"In addition, every single email message you send or receive-100 percent of them-is encrypted while moving internally. This ensures that your messages are safe not only when they move between you and Gmail's servers, but also as they move between Google's data centers-something we made a top priority after last summer's revelations."

Google was in the process of encrypting the links between its data centers last year before the news broke that the NSA had the ability to tap those links and gather email messages and other data. That revelation enraged Google security engineers, and the company accelerated its plans to encrypt the links between data centers.

Gmail users have had the option to enable HTTPS only as the default connection option for more than four years. But the typical user may not have known that option was available. Now, users don't need to think about it; they're connections to Gmail will always be encrypted by default.



XP End of Life is Coming...Is Your Business Prepared?

Published on: 2014-03-11 

Microsoft is about to take Windows XP off Life Support
By Adrian Covert NEW YORK (CNNMoney)

On April 8, Windows XP's life is coming to an end. On that day, Microsoft will stop issuing security updates to the 12-year-old operating system, and it will end nearly all technical support as well.

You wouldn't think that killing off an operating system that debuted in the first year of the Bush administration would ruffle too many feathers. But an amazing 29% of computers across the globe are still running Windows XP, according to NetMarketShare. That makes it the world's second most widely used operating system, just behind Windows 7.

Microsoft's plan to end support for XP doesn't mean that a third of the world's PCs will just stop functioning on April 8. But there are some very real consequences of continuing to use the operating system.

After April 8, Windows XP computers will be more susceptible to malware and viruses beginning, since Microsoft will no longer address major holes in the software. Although antivirus software will continue to fend off some malicious attacks, Microsoft's security updates provide an essential line of defense.

For Windows XP users, the best course of action is to bite the bullet and buy a copy of Windows 8. The problem is that most older computers won't be able to upgrade to Windows 8. Many of those consumers will have to buy a new PC. Microsoft has an upgrade assistant allows people to determine whether their computers are compatible with the latest version of Windows.

For those who are able to upgrade but aren't ready to make the jump to the fully redesigned Windows 8, Windows 7 is an option. It's still on sale, offers a more familiar PC experience and will be supported until 2020.

The Windows XP impact will be felt more by companies than by consumers. Forrester Research estimates that 20% of North American and European corporate computers are still running Windows XP. But that will soon change: Forrester forecasts that only 6% of those companies' PCs will be running Windows XP by April.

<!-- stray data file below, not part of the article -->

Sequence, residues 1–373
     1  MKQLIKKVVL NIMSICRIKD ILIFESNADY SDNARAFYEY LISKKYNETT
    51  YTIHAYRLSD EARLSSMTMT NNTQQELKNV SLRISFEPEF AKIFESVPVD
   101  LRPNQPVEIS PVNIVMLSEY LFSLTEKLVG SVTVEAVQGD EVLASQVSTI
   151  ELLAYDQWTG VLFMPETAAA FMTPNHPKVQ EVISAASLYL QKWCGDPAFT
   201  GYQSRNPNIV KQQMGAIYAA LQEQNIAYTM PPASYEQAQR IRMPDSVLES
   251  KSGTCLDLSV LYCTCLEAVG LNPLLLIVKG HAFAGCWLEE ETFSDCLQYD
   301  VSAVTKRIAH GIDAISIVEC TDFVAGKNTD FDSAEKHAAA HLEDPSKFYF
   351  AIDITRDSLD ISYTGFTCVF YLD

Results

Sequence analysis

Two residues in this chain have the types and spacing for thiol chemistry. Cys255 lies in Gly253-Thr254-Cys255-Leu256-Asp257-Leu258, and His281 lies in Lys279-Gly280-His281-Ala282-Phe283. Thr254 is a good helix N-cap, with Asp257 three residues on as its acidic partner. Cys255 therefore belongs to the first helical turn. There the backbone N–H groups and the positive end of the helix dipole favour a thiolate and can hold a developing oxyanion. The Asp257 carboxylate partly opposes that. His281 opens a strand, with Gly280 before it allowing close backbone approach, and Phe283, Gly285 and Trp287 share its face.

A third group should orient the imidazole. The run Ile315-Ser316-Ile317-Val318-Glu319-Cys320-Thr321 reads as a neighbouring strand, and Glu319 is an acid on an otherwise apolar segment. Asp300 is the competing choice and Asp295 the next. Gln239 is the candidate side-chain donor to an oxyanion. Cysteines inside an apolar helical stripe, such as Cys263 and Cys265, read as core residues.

That remaining 6% will predominately be small and medium-sized companies and government agencies, where budget restraints may pose a problem, according to Scott Dowling, a Microsoft software consultant for En Pointe Technologies. The vast majority of large Western businesses have already upgraded to Windows 7 or Windows 8, but small businesses have been slower at catching up.

In China, however, XP-related problems will likely be much more pronounced. About three-quarters of Chinese PCs are running XP, according to NetMarketShare.

Thousands of ATMs will also potentially be exposed after Microsoft ends Windows XP's life support. A recent Bloomberg Businessweek story revealed that 95% of ATMs in the US are still running Windows XP, and only about 15% of them will be upgraded before April 8.

ATMs have already proven vulnerable to malware attacks, and without Microsoft around to patch things up, it's going to be a slow, costly endeavor for ATM companies to get their machines updated or replaced. (It's worth noting that Microsoft has been warning them of this deadline for years.)

So why is Microsoft killing off Windows XP? The operating system has lasted far longer than Windows versions of the past, and patching the ancient-by-tech-standards OS is exhausting valuable Microsoft resources. Microsoft has pushed back the death date of XP for several years after initially planning to kill it off by 2010.

To soften the blow for its corporate and ATM customers, Microsoft will sell custom support that will allow companies to receive additional security patches. But Dowling have heard reports from customers that the cost of custom support is prohibitive.

For the rest of the world, it's time to get updating.

The TNS Group